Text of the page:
Chances are, you’ve probably seen subscription boxes advertised all over your social media feeds – a perfectly tailored box of indulgences that arrives on your doorstep every month. With such little effort required on your behalf and a vast array of options, it’s no wonder this model of retail has boomed in recent years. Could this phenomenon completely transform how we shop?
A subscription box is, essentially, a means of getting goods delivered to you on a recurring basis, provided you pay a regular fee. Some subscription boxes will provide a variety of products, while others will emphasise the personalised nature of the service, promising to cater to the desires of the consumer. The subscription box retail sector has certainly grown over the years – it is a $15 billion industry, with revenue growing faster each year. The largest online subscription boxes generated a combined $7.5 billion in 2018, an increase of 30% from 2017.
You might not realise it, but things that have become so ingrained in our daily routines are also subscriptions: Spotify, Apple Music, Netflix are all keystones of the subscription lifestyle. So, what’s stopping a monthly delivery of curated wine samples or craft supplies from being next?
Data shows that millennials are the most likely to use these subscription box services, and understandably so. Younger generations represent interesting generational consumer behaviours – they’ve experienced the death of the shopping mall, and while e-commerce is reaping the benefits of this, these benefits could be fleeting. Consumer fatigue is becoming prevalent, and it is described as “the sheer glut of the stuff, the constant marketing spiel around goods that people don’t need and, often, don’t want.” The subscription box model removes that feeling of being overwhelmed by choice, replaced by feelings of excitement at the box’s novel feature: unpredictability. The science that underpins this model is “novelty seeking” – the area of the brain that is associated with reward and pleasure is activated when consumers receive a subscription box. When accompanied by convenience and the promise of personalisation, the appeal for consumers is self-explanatory. Businesses reap the rewards of a loyal customer base, who then provide a predictable, recurring source of revenue.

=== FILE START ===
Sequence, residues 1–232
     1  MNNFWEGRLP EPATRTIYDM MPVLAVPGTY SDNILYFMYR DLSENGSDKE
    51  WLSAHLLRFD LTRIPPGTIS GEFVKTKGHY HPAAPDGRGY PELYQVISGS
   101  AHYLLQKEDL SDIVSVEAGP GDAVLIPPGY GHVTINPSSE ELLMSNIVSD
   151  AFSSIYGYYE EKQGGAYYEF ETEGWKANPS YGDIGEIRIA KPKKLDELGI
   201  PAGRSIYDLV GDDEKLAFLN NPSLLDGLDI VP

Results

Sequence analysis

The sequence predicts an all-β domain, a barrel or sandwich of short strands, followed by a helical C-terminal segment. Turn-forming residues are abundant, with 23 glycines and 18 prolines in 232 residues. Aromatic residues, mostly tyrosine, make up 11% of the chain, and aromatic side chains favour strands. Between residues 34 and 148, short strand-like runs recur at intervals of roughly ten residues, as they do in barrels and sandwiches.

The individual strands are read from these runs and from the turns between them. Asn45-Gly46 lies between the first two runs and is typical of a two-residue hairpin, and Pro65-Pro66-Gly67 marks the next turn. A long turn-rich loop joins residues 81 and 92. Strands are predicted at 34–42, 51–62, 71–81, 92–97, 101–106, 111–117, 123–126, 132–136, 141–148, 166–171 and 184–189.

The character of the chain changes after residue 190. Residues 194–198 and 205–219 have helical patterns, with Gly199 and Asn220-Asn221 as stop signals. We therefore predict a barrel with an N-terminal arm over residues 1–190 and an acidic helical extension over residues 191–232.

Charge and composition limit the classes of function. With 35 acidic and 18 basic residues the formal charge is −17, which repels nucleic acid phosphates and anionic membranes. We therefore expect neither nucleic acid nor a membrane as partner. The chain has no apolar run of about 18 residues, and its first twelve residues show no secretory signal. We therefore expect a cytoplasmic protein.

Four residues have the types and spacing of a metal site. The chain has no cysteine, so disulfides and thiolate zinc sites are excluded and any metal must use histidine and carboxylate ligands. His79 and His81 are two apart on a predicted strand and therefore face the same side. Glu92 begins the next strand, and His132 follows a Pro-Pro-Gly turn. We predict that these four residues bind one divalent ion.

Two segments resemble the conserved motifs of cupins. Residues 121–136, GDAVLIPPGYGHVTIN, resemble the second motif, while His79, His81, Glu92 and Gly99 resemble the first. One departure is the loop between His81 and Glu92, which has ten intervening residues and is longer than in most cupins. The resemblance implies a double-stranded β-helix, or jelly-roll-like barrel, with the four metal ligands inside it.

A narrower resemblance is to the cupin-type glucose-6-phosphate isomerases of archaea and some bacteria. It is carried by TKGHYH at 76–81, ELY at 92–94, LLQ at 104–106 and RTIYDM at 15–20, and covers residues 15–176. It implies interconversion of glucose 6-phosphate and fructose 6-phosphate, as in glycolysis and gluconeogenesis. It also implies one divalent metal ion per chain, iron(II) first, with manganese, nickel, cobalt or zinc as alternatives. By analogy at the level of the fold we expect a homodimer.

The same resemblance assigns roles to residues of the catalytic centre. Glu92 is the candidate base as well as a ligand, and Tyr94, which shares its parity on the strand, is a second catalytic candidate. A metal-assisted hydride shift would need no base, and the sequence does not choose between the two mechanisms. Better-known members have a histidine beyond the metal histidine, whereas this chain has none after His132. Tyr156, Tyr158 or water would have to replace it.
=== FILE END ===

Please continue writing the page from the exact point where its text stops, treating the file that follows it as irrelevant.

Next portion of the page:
It seems like the perfect time for consumers to engage with these sorts of services when they themselves can’t go out to the shops and examine their choices. In recent months, 22% of subscription box companies in the United States have seen subscriber numbers increase, mainly for companies that offered replenishment of food and beverages, or online learning activities. Some brands, like Australia’s Whisky Loot, have seen sales spike as it offers somewhat of a return to the social rituals of drinking that consumers are missing during quarantine. For those who are benefiting, it is the challenge of getting these consumers to stick around long-term after this period that remains.
The subscription box model seems like it is here to stay, but that doesn’t necessarily guarantee its success. Its’ exponential growth means that new subscription boxes are popping up regularly – in 2018, the amount of subscription boxes on the market had increased by 40% from the previous year. This potentially means that the consumer fatigue to traditional retail that initially drove the subscription box to success could also be its downfall. The subscription box is meant to take us back to meaningful, intentional consumer purchases, but it also has the potential to facilitate another means of impulsive and wasteful decisions.
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